State of Affairs
November was another busy month for the staff of Bremer County Veterans Affairs! We finished planning and carrying out another very successful Veterans Day event with about 500 veterans and their family members joining us throughout the day and Neal spent several evenings in your communities providing outreach. Additionally, we had over 300 contacts with you, our veterans, through office visits, phone calls, text messages and emails!!
We have 72 active claims that are in various stages of development and as you’ve all heard before, if you want something done, do it right the first time so you don’t have to keep doing it. Right now, we’re booked out a month which is MUCH better than in previous months and, generally speaking, we’re heading into our slower season although, based on last year, that has yet to be fully determined.
Obviously, we understand that it’s difficult to get in touch with us sometimes but we want to ensure that you should continue trying. The Director is seeing appointments and working on claim development, at least, eight hours a day and there is ALWAYS a Clerk on duty to answer phone calls and to meet you at the door.
We ALWAYS welcome to our County Commission on Veterans Affairs meetings, which are generally scheduled at 3:00 pm on the second Tuesday of each month. You can find out what’s going on in the office, new initiatives and address your concerns about the veterans affairs program. This is your opportunity to have your voice heard by the entire Commission!
No COLA Increase for 2016
In mid-October the announcement came that there will be no Cost-of-Living Adjustment for military retirees, veterans receiving benefits and social security recipients. This is only the third time in forty years where there hasn’t been a COLA increase.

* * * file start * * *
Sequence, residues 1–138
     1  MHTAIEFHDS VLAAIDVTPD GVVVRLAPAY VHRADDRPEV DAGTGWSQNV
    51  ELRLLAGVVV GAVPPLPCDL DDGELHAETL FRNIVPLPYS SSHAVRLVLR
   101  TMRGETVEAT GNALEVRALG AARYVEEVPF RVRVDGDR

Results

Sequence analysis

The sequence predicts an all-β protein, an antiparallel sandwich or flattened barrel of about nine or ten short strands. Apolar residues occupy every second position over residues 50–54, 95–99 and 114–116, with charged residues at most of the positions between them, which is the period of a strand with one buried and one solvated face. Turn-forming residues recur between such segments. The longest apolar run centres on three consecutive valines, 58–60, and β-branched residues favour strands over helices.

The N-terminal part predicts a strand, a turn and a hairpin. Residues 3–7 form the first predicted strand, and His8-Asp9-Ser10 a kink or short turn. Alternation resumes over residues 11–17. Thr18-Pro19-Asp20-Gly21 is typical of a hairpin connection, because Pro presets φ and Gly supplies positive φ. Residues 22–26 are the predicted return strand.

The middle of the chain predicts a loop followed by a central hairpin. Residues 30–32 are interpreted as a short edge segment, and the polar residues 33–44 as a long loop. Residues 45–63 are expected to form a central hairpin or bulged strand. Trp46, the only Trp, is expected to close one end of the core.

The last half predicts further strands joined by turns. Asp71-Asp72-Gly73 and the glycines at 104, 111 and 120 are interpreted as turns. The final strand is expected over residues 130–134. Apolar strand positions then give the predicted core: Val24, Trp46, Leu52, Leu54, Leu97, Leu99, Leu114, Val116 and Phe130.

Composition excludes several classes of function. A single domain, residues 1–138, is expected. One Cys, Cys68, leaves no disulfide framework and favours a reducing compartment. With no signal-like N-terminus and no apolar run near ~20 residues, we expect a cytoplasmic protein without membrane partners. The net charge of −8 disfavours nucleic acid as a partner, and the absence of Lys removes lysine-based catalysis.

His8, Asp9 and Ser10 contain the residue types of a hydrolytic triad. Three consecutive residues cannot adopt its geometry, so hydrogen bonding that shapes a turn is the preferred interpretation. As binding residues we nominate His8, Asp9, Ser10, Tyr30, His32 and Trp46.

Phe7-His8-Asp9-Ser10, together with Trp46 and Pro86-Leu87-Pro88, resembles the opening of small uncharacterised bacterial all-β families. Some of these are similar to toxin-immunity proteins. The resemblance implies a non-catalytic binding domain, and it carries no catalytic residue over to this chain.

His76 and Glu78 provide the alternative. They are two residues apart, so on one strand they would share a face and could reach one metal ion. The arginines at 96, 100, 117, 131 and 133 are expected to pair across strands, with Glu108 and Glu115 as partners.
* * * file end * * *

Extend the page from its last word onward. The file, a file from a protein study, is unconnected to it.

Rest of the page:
The reason there’s no COLA increase for 2016 is because there was no inflation and that’s what increases are tied to. The price of goods and services used in the calculation of inflation actually fell in 2015, particularly gas prices.
Government Executive details the calculation of whether or not there will be a COLA increase this way:
The average of the July, August and September 2015 Consumer Price Index for Urban Wage Earners and Clerical Workers (CPI-W), along with the average from the third quarter of 2014, is used to calculate the 2016 COLA. The annual COLAs are based on the percentage increase (if any) in the average CPI-W for the third quarter of the current year over the average for the third quarter of the last year in which a COLA became effective. In this case, that is 2015 and 2014.
There has been backlash in response to the lack of a COLA increase this year, particularly as seniors are feeling the pinch of higher medical costs and in particular, rising health insurance premiums.
BEGXKX Wooden Judges Gavel
Despite the lack of an increase, some lawmakers are looking toward legislation to remedy what they say as being to unfair to seniors, veterans, social security recipients and military retirees.
Rep. Alan Grayson (D-Fla.) introduced the Seniors Deserve a Raise Act on October 16.
“Simply put, most of our parents and grandparents desperately need a raise. And they clearly deserve on,” said Grayson about his bill, which has 43 co-sponsors. “My bill calls for a 2.9 percent COLA for 2016, and ensures we give them a more accurate cost-of-living increase in the years ahead. Our seniors are seeing their costs rise – their Social Security payments need to rise as well.”
Grayson’s legislation calculates future COLAs based on the Consumer Price Index for the Elderly, also referred to as CPI-E. This is a formula that’s specific to the lives of seniors because it incorporates the price of items that are most relevant to this segment of the population, including medical costs and prescription drugs.